October 20, 2012 /24-7PressRelease/
-- Missed Diagnosis in the ICU Can Be Fatal
What overlooked, potentially preventable factor leads to more deaths than breast cancer? The answer: misdiagnosis in hospital intensive care. A study of thousands of autopsy results, conducted by Johns Hopkins University School of Medicine and featured by HealthLeaders Media, has suggested that medical staff in intensive care units make fatal errors by misdiagnosing and failing to provide proper treatment in eight percent of their cases. Researchers estimate that as many as 40,500 adult patients in ICUs across the country, including Maryland, die every year because of a mistaken diagnosis.
Study's Findings on Misdiagnosis in Intensive Care Units and Suggestions
The most commonly missed ailments in ICUs are heart attack, aspergillosis, pulmonary embolism and pneumonia. Among them, those four medical conditions amount to a third of missed diagnoses. One missed diagnosis, Aspergillosis, is a fungal infection that can cause respiratory distress. Doctors often treat patients who come in with this symptom for a simple respiratory infection, using a treatment that is ineffective against aspergillosis.
The study's authors suggest several reasons why ICUs are inaccurate. First, there is a shortage of specialists in intensive care units who are able to monitor decision making. It is necessary that medical staff not only conduct proper analytic tests but also properly interpret the results of the tests, and a specialist would help provide oversight of that process. However, only 7,000 such specialists are certified in the United States.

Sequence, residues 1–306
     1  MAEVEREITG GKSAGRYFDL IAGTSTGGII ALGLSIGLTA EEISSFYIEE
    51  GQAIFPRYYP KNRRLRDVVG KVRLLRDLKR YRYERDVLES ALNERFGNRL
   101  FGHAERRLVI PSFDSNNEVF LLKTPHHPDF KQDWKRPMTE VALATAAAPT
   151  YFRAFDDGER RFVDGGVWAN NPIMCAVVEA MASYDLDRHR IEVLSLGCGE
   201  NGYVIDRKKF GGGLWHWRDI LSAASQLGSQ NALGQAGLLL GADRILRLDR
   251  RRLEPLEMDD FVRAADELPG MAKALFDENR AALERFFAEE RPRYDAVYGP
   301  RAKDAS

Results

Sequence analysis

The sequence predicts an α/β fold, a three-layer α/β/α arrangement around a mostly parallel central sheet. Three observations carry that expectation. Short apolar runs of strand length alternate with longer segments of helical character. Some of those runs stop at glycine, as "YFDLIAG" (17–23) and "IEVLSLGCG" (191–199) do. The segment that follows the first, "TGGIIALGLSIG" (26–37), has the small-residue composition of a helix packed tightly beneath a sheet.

Tests can yield conflicting results, and backup imaging and blood tests that resolve the conflict in information are not widely available for use in intensive care units. New equipment might be helpful, but the added care of an intensive care specialist according to the study's authors could save lives.
Another source of diagnostic error is insufficient nurse staffing. The ideal nurse staffing situation in an ICU is a one to one nurse-patient ratio, but understaffing could mean a far from ideal ratio of one to two.
Even if the nurse-patient ratio is favorable, nurses can suffer from alarm fatigue, where nurses lose focus due to a busy, noisy work environment. In intensive care units, monitors frequently beep and alarms are often triggered. False patient alarms occur often enough to desensitize staff to the point where they may not even notice them. Therefore, nurses may fail to respond at a critical moment, and as a result hundreds of deaths have been associated with alarm fatigue.
Finally, the researchers who conducted the study advocate the use of goal sheets and checklists of important questions that concern every ICU patient. A checklist of questions and tasks is especially helpful when a patient is unconscious and unable to communicate symptoms. For example, medical staff must keep track concerns like whether a patient is on a ventilator, whether a patient is ready to be taken off it and whether a patient should receive medication to prevent dangerous blood clots.
If you or a loved one has been injured because of a medical misdiagnosis, contact an experienced personal injury attorney who can enforce your legal rights.
Article provided by The Law Offices of Burch & Voss
Visit us at http://www.burchandvoss.com---
Press release service and press release distribution provided by http://www.24-7pressrelease.com
# # #Read more Press Releases from FL Web Advantage: